Change Windows settings for performance or just to make it better for you.
Windows has long included a collection of settings that allow you to control how aggressively Windows should try to make what it displays fancy and pretty.
Unfortunately, those features (which normally default to being on) sometimes come at a cost of either system performance, visual confusion, or appeal. One person’s pretty is another person’s yuck.
There are settings in a couple of places.
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Windows visual effects
Windows has several settings that control its visual behavior. In the Accessibility (or “Ease of access”) section of the Settings app, you’ll find settings you can use to control a couple of common Windows features. In the Performance settings in Advanced system settings is a collection of additional settings that, while offered with performance in mind, may also make Windows more visually useful to you. Explore both and experiment with the settings to improve your Windows experience.
Basic accessibility settings
Accessibility settings are a collection of settings designed to make Windows more useful to folks who have difficulty with some aspects of its operation.
In Windows 11, open the Settings app, and click on Accessibility in the left-hand pane. The result will be the collection of accessibility-related categories.
Click on Visual effects.
There are four settings we’ll examine.
Always show scrollbars
By default, the scroll bars of many windows disappear or become very narrow after they’ve been used.
To find them, you need to know to click where the invisible or small scrollbar should be.
Or you can turn on “Always show scrollbars”.
I find the disappearing scroll bars quite frustrating. This is one of the first settings I change on new Windows installations. (Unfortunately, the Windows setup program seems to run with this option turned off, and scroll bars are difficult to find during that process.)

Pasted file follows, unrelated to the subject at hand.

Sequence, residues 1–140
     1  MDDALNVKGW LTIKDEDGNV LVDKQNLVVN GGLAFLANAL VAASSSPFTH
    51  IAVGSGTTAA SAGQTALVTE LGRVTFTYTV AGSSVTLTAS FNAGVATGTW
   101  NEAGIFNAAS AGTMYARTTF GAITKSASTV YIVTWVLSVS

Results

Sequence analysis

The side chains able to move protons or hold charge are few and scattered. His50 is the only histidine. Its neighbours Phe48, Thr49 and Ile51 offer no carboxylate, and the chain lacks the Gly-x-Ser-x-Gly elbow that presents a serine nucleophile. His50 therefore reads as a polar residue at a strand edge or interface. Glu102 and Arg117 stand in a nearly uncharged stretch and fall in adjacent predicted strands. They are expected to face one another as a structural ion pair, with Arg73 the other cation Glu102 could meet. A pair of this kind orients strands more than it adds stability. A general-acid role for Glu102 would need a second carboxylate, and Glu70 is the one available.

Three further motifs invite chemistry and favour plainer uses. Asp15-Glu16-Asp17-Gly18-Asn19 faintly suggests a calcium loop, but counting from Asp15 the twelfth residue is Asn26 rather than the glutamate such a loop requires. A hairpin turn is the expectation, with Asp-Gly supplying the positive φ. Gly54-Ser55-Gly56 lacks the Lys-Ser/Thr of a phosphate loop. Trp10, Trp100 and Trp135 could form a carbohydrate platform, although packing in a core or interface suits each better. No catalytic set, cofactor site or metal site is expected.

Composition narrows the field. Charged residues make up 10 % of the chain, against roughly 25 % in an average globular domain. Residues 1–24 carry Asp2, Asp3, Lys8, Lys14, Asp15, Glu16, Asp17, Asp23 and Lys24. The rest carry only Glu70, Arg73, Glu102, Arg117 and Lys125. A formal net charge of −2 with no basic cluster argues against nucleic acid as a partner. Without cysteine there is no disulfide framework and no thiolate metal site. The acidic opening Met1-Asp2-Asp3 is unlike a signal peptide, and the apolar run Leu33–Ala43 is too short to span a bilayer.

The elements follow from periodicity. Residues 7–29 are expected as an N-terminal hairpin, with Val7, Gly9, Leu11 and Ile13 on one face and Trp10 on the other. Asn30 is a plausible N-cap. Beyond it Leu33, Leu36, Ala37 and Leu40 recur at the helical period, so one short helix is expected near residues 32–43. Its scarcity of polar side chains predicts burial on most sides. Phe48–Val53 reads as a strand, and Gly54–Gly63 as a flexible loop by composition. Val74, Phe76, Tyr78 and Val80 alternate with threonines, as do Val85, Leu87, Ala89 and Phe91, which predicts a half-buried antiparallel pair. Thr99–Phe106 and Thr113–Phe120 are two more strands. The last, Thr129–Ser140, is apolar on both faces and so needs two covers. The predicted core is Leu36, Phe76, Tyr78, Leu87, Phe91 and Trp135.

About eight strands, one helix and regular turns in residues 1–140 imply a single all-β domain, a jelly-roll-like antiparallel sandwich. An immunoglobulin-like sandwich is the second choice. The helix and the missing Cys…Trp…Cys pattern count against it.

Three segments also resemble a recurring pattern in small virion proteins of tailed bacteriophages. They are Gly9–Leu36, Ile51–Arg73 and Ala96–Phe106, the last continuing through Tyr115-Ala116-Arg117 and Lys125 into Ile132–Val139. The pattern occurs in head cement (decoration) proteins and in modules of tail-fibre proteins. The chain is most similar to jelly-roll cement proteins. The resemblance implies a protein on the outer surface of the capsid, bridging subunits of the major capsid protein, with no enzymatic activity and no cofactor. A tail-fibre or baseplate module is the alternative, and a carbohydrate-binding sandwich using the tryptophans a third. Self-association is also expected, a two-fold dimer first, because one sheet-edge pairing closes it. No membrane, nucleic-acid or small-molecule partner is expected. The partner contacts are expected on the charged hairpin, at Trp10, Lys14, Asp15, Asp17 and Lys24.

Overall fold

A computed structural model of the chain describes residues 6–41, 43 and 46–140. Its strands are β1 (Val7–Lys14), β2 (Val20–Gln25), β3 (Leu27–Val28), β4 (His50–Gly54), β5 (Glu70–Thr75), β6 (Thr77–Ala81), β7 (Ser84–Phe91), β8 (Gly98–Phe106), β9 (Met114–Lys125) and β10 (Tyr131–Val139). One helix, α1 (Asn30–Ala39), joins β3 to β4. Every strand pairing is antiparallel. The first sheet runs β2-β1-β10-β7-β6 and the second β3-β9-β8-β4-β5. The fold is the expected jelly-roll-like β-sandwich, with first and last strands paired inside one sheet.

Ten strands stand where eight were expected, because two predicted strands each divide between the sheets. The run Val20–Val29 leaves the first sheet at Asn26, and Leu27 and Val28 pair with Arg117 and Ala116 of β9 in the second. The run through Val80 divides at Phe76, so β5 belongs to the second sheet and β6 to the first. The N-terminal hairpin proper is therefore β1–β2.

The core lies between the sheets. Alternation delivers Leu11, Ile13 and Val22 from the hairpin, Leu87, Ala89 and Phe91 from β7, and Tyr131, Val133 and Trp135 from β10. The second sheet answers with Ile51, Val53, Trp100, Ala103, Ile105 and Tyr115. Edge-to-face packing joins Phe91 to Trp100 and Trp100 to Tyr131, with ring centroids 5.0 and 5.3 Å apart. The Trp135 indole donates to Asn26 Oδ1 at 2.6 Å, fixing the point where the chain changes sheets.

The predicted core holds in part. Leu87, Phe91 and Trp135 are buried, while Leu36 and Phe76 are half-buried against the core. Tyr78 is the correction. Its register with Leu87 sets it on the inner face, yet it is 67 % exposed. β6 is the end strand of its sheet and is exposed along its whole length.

Windows has reduced the number of semi-transparent windows in Windows 11, but there are also rumors that they may be coming back. The examples here are from Windows 10.
One of the easiest and perhaps most confusing places to see the effect is on the Windows taskbar.
In the upper example, you can see the text from Windows File Explorer is partially visible “through” the taskbar. In the lower image, with transparency disabled, the taskbar is solid.
Some find the transparency effect distracting or that it makes it difficult to understand what information is in which window. Simply toggle to off to turn off this feature.
Similar to transparency, animation seems to be used less in Windows 11. In Windows 10, one of the easiest places to find examples are on the animated Start menu tiles.
This is default behavior for the “Pictures” tile, showing thumbnails of images found in the Pictures folder.
Note that there’s an animation between each photo — a fade.
With animations turned off, the behavior changes.
While the tile remains and the images continue to change, they’re swapped instantly rather than using the animation. Other tiles may behave differently.
Other animations in the system may also be affected. For example, if animation is turned off, the Start menu may simply appear rather than sliding in from the bottom.
Dismiss notifications after this amount of time
I find Windows notifications hang around too long. I want them gone quickly.
On the other hand, many people find that they’re up visible long enough to read.
Fortunately, Windows has a control for that.
You can set the default auto-dismiss time up to five minutes if you like: plenty of time to see the message before it disappears.
Right-click on the Start menu and click on System. In the resulting system information dialog, locate and click on Advanced system settings. In the resulting dialog box, click on the Advanced tab and then the Settings… button in the Performance section.
The result will be a dialog containing a long list of Windows behaviors you can turn on and off.
As the name implies, these are intended as performance-related settings. Selecting “best appearance” will turn them all on, and “best performance” will turn them all off. Or you can select individually.
Performance impact aside, not everyone likes all of these behaviors. Sometimes they interfere with your ability to see what’s going on.
Try turning them all off or experiment with individual settings to see what works best for you. While performance impacts are minimal on most modern machines, the visual differences might be something you find helpful.
My advice is to become familiar with some settings I’ve shown above, particularly if there are visual aspects of Windows that interfere with your ability to use it well. While not everything has a setting, many things do, and it’s possible that tweaking the right setting might make a significant difference for you.
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